Archive for May 2018

Scholars Respond to Racist Backlash against Black Achilles, Part 3: What Makes a Homeric Hero a Hero?

This is Pharos’ third post responding to racist criticism of the BBC/Netflix miniseries Troy: Fall of a City, in which a black actor plays Achilles. Our first post discussed Greek attitudes toward Africans in order to show that ancient audiences would have had no problem with a black Achilles, and our second post addressed the Iliad’s description of Achilles’ hair in order to show that the text does not definitively exclude a black Achilles. This post argues that the BBC’s decision to cast a black man to play Achilles should be understood as a modern extension of ancient epic’s flexibility in the representation of heroes. Read More→

Scholars Respond to Racist Backlash against Black Achilles, Part 2: What did Achilles look like?

This is Pharos’ second post responding to the racist criticism of David Gyasi being cast to play Achilles in the BBC/Netflix miniseries Troy: Fall of a City. Pharos documented that criticism here and here, and the first part of our response addressed ancient Greek attitudes toward Africans.

Racist commentators accuse the miniseries of erasing the white racial identity of Achilles by casting a black man to play him. As evidence for this racial identity, they claim that the Homeric epics describe Achilles as having blonde hair. We set aside the obvious point that one should not invest too much in the supposedly “true” hair color of a mythical person. In what follows we assess evidence for how ancient audiences would have understood these descriptions of Achilles’ hair to show that it is not possible to base a racial theory on the color terms used in the Homeric epics to describe Achilles’ hair. Read More→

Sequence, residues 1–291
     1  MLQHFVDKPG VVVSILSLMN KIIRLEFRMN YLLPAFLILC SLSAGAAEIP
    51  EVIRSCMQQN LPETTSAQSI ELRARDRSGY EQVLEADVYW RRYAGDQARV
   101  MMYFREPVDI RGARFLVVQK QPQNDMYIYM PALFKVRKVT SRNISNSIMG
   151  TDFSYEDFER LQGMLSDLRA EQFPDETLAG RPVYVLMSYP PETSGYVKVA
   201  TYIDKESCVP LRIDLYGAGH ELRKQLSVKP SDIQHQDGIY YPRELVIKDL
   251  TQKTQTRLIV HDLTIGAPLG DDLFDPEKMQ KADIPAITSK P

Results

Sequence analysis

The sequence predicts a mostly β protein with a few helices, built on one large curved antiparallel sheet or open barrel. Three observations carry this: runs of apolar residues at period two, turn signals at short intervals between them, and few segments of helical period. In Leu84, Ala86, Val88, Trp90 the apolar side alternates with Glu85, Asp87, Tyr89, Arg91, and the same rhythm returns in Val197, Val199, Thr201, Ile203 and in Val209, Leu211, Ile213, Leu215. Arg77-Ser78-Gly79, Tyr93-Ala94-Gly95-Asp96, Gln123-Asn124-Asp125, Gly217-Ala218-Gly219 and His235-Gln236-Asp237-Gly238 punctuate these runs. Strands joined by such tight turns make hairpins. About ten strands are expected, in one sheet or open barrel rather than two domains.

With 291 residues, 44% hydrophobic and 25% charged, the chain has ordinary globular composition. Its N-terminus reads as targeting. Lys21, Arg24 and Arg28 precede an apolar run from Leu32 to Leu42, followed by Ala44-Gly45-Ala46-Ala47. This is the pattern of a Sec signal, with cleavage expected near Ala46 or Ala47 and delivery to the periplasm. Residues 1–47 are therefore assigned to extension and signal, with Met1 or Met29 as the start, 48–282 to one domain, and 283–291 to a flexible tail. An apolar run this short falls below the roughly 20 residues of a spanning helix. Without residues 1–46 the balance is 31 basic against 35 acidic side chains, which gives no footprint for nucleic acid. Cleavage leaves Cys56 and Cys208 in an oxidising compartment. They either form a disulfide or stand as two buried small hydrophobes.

Scholars Respond to Racist Backlash against Black Achilles, Part 1: Ancient Greek Attitudes toward Africans

In February of 2018, the BBC broadcast an eight-part miniseries, Troy: Fall of a City, that told the story of the Trojan War. Netflix later released the miniseries in the United States. The casting of David Gyasi, a British-born actor of Ghanaian descent, to play Achilles provoked a storm of racist criticism on social media and racist sites. There has been less controversy around other characters played by black actors, such as Zeus, Athena, Aeneas, Patroclus, and Nestor. Soon after the show started airing in the UK, Pharos contributor Tim Whitmarsh wrote a refutation of many of the racists arguments being made, which he followed up recently with a more detailed critiquePharos, too, documented the racist backlash against the show and over the coming days will report on the responses we received from specialists working on Greek epic. The volume and complexity of the response was such that we have decided to split our response into several posts.

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Misogynist argues that Rape of the Sabines established “Female Privilege”

Purple Motes is the personal blog of a contributor to the misogynist site A Voice for Men whose work Pharos has documented previously. Perversely subtitled “a journal of whimsy and hope,” Purple Motes frequently invokes Greco-Roman antiquity in support of its particular breed of misogyny: exposing the supposed anti-male bias of the contemporary world and all the ways women enjoy special privileges. For example, a post from 2016 entitled “Sabine Women win Pyrrhic peace for Roman men argues that the Rape of the Sabine Women was beneficial for the women involved and established the foundations of discrimination against men that “Men’s Rights Activists” claim persists into the present day. Read More→


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